Virginia Jobs and Taxes at the Center of Debate
With Congress in recess for the month President Obama is preparing to continue pressuring Republicans to work with him on job creation. Members of Virginia’s congressional delegation say that while his speeches rev up his base he still isn’t trying to work with the G-O-P.
The president is planning to use August to hammer the G-O-P on jobs. He wants to lower corporate tax rates while also expanding some tax breaks for smaller businesses. Then he wants to infuse that extra revenue directly into the economy…investing in construction projects and community college job training programs. The president is blaming Republican leaders for blocking his jobs proposals.
OBAMA1 “I’m just going to keep on throwing ideas out there to see if something takes. I’m going to lay out my ideas to give the middle class a better shot, but now it’s time for Republicans to lay out their ideas.”
When the president met with Democrats at the Capitol before Congress left town he was facing a few skeptics, including Virginia’s senior senator, Mark Warner. While the president’s new proposal seeks to reform corporate tax rates it leaves the contentious issue of individual tax rates off the table. Warner says the two ought to be dealt with together.
“It’s hard to do corporate tax reform independent of individual tax reform. At the end of the day if we’re going to jumpstart this economy we can’t lurch from budget crisis to budget crisis. We can’t have the stupidity of sequestration actually hurting our economy and costing the taxpayer more money than we’re saving.”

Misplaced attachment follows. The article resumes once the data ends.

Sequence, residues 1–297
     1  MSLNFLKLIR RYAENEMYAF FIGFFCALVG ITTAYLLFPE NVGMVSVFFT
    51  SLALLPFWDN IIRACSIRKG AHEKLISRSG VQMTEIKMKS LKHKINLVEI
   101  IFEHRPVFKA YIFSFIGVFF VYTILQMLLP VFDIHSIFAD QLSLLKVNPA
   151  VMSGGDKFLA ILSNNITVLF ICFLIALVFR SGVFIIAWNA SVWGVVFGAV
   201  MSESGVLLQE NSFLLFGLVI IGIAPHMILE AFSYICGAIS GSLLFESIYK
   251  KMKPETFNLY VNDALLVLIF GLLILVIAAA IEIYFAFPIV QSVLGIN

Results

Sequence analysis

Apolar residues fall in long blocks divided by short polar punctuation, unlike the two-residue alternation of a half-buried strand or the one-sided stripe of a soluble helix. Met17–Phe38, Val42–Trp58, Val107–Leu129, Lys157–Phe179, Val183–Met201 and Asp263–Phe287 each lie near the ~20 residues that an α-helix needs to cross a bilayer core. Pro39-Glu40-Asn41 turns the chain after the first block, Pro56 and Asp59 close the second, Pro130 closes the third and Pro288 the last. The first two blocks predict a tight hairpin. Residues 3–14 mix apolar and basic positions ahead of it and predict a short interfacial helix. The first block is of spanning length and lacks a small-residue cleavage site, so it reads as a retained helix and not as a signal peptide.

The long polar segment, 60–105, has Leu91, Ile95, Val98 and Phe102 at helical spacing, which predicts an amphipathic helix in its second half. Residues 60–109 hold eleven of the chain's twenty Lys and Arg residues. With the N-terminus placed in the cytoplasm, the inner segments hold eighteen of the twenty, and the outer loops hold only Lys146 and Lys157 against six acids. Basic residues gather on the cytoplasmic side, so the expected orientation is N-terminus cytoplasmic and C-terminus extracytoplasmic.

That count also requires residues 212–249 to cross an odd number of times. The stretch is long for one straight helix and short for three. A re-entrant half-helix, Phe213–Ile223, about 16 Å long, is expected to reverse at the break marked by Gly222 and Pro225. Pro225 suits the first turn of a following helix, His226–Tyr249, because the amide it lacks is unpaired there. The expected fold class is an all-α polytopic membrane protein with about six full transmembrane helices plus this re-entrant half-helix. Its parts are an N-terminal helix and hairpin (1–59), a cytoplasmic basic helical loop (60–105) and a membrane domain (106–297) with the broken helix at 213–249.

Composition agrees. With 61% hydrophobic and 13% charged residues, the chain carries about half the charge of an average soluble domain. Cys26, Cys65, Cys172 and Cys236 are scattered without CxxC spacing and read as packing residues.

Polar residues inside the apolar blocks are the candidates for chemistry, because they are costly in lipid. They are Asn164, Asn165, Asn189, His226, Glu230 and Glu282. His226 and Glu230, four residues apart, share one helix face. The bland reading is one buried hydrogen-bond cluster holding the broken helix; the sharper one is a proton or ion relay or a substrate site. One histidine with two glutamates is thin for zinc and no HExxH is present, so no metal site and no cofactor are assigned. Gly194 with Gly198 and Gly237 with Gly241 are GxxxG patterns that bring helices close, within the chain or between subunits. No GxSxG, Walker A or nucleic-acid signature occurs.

Warner says the president and congressional Republicans need to get back to the negotiating table to get the nation’s finances in order.
WARNER2 “Ultimately that’s going to require still a grand bargain where the Republicans give on allowing the government to raise some more revenues to help pay down the debt, and Democrats give on starting to reform the entitlement programs so Medicare and Medicaid can be here 20 years from now.”
Republicans are nearly universally rejecting the proposal. Virginia Congressman Scott Rigell says he isn’t really hearing anything new from the White House.
RIGELL1 “I don’t really see that he presented anything bold that is a game changer and I wish he would have. Just as a fellow American I wish he would have.”
Rigell and other Republicans argue more deficit spending on infrastructure won’t create jobs.
RIGELL2 “Look, I appreciate him putting something out there, but if you peel it back he is calling for more revenue not less, okay, that doesn’t surprise me. But indeed here he’s calling for more spending, not less.”
But Virginia Democratic Congressman Gerry Connolly says Republicans are playing politics instead of addressing the country’s needs.
CONNOLLy1 “You have to differentiate, like companies do, like families do, between investments that have returns on them and ordinary spending. Investing in infrastructure has enormous payoff and has returns for decades and decades. Look at the interstate highway system. That’s a gift that still gives 60 years later.”
Virginia Republican Congressman Morgan Griffith says the president ought to meet the G-O-P halfway on their agenda.
GRIFFITh1 “I’ve said all along. The president wants a jobs plan? I know how to give him a jobs plan: roll back some of the unreasonable regulations.”
With Republicans opposing him at nearly every turn the president says he’s looking to take more decisive executive action to spur job growth. Republicans don’t like that, but Virginia Democrat Jim Moran says their complaints ring hollow.
MORAN1 “Well too bad if it ruffles their feathers. If you don’t want the president bypassing you then be an active agent for progress. These guys are a roadblock to any constructive progress.”
Throughout August the president will continue pounding the G-O-P over the economy while back at home Republicans will do the same. That means when lawmakers return to work in September a polarized Washington may reach a boiling point.